The Living Force
Q: (Joe) Another question from the forum about Kantek: There's a generally held view by most people that the asteroid belt is a planet that exploded. The problem is that there isn't enough material in the asteroid belt to explain the mass of the planet. It's like only 2 or 3% of the planet. So people on the forum have been discussing how there could be so little material left. Where did the other 97% of the material go?
A: Much of it was disintegrated into dust and ejected from the solar system.
Q: (Joe) Somebody also did calculations on the amount of energy released from the explosion of a planet and it should have had catastrophic effects on most of the other planets in the solar system...
A: It did.
@Joe, thanks for including this question in the latest session! That answers that, then. Kantek was absolutely pulverized, and radiation pressure ejected the vast majority of the dust from the solar system.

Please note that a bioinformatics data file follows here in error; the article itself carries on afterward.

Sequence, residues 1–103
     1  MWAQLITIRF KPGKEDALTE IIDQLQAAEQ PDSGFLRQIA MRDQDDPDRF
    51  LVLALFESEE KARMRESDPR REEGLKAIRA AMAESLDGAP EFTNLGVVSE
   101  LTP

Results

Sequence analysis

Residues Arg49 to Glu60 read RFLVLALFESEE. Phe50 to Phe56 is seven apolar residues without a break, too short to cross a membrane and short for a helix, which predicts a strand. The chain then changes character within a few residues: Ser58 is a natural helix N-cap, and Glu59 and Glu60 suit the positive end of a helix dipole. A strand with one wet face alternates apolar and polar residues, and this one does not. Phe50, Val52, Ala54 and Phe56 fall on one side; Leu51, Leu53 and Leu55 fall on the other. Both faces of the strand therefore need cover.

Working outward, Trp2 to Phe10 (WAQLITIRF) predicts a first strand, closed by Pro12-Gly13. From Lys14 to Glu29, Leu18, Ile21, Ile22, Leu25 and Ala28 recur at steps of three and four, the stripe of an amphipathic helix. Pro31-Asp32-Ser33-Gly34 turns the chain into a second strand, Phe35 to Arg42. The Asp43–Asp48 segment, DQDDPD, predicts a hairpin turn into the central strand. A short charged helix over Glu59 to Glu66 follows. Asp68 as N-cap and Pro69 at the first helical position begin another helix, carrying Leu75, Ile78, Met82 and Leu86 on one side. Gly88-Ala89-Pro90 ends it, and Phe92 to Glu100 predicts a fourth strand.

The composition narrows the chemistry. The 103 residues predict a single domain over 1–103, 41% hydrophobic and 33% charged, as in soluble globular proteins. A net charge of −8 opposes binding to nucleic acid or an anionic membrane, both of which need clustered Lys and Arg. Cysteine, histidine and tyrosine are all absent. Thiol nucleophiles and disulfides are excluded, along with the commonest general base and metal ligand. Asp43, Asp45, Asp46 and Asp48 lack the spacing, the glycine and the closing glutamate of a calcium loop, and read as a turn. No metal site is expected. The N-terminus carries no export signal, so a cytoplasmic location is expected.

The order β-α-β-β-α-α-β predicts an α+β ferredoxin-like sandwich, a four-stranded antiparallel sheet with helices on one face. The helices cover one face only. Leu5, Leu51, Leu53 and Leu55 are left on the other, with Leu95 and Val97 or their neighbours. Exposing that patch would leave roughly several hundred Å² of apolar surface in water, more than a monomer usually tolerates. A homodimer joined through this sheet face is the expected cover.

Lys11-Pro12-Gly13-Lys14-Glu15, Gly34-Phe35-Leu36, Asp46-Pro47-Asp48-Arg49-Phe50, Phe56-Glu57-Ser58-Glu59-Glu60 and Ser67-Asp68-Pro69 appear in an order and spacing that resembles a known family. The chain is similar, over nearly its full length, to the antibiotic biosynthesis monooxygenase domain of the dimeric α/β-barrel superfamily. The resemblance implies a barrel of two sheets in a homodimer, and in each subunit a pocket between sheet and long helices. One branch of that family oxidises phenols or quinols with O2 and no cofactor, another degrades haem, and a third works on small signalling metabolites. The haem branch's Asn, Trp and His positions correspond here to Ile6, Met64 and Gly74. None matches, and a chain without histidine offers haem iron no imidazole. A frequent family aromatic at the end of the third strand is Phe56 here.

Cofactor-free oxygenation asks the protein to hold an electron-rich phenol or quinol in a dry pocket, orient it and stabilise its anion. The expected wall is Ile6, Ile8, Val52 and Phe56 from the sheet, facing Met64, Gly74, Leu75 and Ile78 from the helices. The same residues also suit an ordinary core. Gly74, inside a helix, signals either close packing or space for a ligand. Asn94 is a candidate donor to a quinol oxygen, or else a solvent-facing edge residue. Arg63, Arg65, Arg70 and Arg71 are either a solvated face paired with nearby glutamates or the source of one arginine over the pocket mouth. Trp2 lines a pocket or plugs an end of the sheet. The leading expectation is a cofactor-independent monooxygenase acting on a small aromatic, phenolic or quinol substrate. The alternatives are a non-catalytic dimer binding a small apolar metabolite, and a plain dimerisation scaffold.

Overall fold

So much dust being produced at once would presumably have had an impact on the Earth's climate. Even though it was ultimately removed from the solar system, initially it would have been ejected at high velocity, and some fraction would presumably have found its way to the inner solar system. Might be interesting to look for a sudden global cooling event 309k years ago.
I also wonder if such events happen elsewhere. An exploding planet is energetic enough that it would be detectable with modern astronomical instrumentation. Even if we don't catch the event itself, the after-effects - a giant dust ring forming around the star - would certainly be detectable. Tabby's Star, for instance, has been a real head-scratcher for astronomers due to what looks like a giant, asymmetrical debris cloud occulting the star in a very weird way.